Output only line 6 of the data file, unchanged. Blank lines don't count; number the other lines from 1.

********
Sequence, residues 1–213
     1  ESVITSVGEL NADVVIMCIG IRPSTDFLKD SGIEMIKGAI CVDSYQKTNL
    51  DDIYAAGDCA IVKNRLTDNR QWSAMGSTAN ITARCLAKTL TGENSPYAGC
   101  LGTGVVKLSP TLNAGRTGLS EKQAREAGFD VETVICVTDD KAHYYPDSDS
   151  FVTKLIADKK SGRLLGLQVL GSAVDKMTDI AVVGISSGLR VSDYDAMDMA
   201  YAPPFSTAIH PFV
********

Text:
   201  YAPPFSTAIH PFV